There will never be another Wilt Chamberlain in basketball. He was a force in college, in the pros and on and off the court throughout life. This giant of a man made history 50 years ago today when he scored 100 points in a single NBA game as the Philadelphia Warriors beat the New York Knicks in a 169-147 victory. It is a feat that may never be beaten.
Shortly after that day I had occasion to meet Chamberlain with my brothers. My older brother was a high school All American in basketball and along with my younger brother the three of us played on one of the most successful programs in
Because of the press attention my brother got to pose with Chamberlain and at 7 feet 2 inches and 275 pounds he was a giant, with arms bigger than my brother's thighs. My brother was at 6' 5" and 200 pounds.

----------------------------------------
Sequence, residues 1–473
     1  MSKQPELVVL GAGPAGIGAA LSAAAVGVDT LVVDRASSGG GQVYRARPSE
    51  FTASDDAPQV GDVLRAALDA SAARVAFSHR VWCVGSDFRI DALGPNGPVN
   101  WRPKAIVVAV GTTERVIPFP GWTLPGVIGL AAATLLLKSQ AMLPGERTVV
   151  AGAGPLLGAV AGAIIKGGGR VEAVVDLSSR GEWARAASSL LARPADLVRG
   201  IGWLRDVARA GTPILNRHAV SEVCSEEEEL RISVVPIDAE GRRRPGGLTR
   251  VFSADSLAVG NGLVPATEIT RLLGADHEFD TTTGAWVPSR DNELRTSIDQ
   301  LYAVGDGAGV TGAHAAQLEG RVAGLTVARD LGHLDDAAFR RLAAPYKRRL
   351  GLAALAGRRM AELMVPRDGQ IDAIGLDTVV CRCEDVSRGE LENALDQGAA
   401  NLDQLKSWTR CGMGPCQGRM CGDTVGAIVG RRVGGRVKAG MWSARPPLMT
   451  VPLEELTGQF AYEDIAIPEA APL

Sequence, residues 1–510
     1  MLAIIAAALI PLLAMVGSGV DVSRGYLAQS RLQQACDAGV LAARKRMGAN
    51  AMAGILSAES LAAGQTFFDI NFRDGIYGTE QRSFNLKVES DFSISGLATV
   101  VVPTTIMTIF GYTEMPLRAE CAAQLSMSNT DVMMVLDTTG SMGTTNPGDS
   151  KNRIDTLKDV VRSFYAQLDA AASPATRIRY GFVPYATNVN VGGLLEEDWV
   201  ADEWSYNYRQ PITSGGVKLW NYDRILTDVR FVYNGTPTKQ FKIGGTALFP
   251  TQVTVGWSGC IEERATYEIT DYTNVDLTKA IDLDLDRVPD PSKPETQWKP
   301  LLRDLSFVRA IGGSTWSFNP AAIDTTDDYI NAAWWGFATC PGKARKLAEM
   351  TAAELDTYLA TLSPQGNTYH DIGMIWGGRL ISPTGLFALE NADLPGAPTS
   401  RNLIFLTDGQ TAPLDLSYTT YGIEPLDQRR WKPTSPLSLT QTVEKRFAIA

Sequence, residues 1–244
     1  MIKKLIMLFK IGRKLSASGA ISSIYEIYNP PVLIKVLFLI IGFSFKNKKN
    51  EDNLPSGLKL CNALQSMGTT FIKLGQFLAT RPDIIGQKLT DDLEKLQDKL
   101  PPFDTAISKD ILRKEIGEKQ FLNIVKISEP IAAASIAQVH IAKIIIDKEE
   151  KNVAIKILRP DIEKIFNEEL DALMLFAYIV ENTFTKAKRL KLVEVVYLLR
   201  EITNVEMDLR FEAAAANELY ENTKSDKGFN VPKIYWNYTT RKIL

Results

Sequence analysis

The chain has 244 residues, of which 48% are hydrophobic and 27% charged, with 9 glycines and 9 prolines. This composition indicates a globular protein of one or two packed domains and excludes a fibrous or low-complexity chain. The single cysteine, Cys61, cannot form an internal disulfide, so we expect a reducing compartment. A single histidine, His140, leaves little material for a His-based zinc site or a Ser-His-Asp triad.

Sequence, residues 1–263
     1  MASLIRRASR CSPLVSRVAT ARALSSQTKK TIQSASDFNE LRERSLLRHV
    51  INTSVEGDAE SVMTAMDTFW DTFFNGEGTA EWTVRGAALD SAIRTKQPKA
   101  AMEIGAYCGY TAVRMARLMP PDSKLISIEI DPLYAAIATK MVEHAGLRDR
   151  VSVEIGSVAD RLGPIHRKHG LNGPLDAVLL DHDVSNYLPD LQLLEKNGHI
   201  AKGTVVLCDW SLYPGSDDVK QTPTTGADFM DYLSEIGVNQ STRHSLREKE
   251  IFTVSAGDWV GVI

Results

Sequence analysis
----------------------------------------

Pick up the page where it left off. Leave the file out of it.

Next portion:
"As time goes by," Chamberlain reflected more than three decades later, "I feel more and more a part of that 100-point game. It has become my handle, and I've come to realize just what I did."
As Oscar Robertson put it in the Philadelphia Daily News when asked whether Chamberlain was the best ever, "The books don't lie."
He retired as the all-time in career points with 31,419, which was later surpassed by Kareem Abdul-Jabbar, Karl Malone and Michael Jordan. He is tops in rebounds with 23,924. He led the NBA in scoring seven years in a row. He was the league's top rebounder in 11 of his 14 seasons. And as if to prove that he was not a selfish player, he had the NBA's highest assist total in 1967-68.
As if that was not enough in his personal autobiography Wilt revealed he not only scored on the court but off the court as well with over 20,000 women.